NMB48 Members: Choose Your Favorite!

October 9, 2010

AKB48, SKE48, and SDN48 have a new ’48 group’ joining them: NMB48.  It was all surreal and full of  uncertainty when it was announced, but it’s become all the more concrete with television coverage of NMB48 auditions and the announcements of names who made the cut.

The NMB48 site has put up a members page with everyone, so you know the drill; time to pick your potential favorites and memorizing their names and nicknames!  The image below provides the members with their info, with the members I have hopes for circled in red:


The Twilight Zone

October 7, 2010

After hearing about everything Atron and David experienced in Japan, it definitely sounds like a surreal experience.  I’ve always wondered what it would be like visiting Japan ever since I’ve grown to like their media, specifically when I witnessed Japan’s girl group AKB48 skyrocket in terms of popularity.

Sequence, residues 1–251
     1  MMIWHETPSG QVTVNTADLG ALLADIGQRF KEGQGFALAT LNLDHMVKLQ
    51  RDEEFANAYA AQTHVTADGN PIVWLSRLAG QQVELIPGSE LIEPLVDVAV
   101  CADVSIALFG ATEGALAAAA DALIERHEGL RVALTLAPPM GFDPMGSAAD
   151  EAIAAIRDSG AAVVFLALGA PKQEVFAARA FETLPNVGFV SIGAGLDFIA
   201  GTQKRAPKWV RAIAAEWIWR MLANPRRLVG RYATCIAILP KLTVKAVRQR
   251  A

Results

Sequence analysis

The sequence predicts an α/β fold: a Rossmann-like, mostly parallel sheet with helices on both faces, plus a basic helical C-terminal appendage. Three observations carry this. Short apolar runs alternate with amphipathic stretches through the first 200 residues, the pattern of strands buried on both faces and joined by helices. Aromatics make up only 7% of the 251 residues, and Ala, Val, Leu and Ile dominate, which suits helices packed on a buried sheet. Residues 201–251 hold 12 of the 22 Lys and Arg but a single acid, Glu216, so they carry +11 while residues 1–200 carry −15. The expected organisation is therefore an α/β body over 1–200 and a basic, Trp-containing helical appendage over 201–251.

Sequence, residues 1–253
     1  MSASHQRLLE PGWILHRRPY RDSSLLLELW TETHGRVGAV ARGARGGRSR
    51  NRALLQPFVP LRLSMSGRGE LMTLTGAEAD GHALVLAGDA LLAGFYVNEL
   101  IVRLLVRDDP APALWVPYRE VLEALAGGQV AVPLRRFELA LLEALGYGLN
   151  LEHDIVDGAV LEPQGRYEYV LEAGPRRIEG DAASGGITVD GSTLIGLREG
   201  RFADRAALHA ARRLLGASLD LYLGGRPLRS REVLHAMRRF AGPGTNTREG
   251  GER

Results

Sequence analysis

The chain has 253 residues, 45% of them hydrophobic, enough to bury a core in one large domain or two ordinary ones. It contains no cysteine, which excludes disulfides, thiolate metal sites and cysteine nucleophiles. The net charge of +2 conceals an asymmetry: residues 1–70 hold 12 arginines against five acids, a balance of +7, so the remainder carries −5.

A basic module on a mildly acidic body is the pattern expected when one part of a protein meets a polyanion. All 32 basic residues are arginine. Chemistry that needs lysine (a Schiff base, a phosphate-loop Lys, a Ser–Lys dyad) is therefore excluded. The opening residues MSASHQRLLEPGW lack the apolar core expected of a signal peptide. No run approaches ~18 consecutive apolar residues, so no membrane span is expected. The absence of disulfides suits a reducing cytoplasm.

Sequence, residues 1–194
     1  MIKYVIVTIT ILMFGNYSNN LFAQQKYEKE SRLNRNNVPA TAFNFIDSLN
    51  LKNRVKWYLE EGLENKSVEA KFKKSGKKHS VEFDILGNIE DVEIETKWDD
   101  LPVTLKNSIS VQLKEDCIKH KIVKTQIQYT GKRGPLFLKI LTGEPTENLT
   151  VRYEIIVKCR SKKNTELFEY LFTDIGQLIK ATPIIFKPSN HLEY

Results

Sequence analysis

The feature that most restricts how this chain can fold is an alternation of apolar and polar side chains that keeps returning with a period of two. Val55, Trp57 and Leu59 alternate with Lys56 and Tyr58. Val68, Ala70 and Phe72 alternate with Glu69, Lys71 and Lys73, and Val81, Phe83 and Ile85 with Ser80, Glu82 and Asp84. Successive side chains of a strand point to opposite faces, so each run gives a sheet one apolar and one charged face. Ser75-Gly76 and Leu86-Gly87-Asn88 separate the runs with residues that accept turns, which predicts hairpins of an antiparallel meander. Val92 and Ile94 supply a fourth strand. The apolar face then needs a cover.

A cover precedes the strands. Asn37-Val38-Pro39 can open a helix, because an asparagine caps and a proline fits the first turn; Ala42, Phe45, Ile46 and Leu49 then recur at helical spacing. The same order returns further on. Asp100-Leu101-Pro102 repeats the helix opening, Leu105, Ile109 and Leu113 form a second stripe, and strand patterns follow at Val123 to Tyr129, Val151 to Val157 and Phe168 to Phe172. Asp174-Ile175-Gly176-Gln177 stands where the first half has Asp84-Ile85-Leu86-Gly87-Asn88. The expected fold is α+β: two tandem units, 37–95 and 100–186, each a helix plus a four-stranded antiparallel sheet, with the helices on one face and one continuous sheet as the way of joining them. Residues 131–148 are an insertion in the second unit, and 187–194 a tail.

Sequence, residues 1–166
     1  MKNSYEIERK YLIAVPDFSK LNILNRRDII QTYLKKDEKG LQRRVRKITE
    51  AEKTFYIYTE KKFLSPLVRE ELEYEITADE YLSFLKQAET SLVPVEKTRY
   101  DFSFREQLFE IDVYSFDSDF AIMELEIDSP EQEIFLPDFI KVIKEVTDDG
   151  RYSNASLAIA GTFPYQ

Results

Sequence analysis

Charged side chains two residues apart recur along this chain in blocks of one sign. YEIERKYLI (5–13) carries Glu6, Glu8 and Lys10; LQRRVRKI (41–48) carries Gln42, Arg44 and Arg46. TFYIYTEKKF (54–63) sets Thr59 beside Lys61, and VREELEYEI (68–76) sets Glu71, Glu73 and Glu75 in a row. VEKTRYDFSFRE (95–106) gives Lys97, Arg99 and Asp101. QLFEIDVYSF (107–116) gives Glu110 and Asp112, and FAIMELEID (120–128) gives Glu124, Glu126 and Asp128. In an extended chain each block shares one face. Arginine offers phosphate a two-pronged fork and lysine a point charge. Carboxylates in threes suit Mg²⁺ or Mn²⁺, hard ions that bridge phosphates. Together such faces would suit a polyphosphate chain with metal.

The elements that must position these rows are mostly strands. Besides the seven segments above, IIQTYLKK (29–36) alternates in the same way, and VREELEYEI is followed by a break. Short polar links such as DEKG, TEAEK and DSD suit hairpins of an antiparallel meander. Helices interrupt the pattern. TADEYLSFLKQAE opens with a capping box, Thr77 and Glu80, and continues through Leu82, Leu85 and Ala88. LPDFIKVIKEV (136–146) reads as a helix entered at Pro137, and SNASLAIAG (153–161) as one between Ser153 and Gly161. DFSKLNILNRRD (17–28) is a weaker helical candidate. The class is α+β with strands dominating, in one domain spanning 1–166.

A place where AKB48 posters are regularly hung on the sides of buildings and singles can be bought in any music establishment?  A place that has an official store where I can buy goods directly without an expensive middle-man?  Where their magazines and photobooks are casually lain about in a 7-11?  It’s definitely not the world I live in.  Even throw-away fliers for various merchandise baring the sacred ‘AKB48’ logo feel like they have some sort of value simply because they don’t exist outside of Japan.

While I have to scour and look for whatever media my favorite idols appear in through the internet, all I would need to do in Japan is turn on the television.

Such thoughts were even more punctuated when I came across this Japanese commercial for the XBox 360’s ‘Kinect’.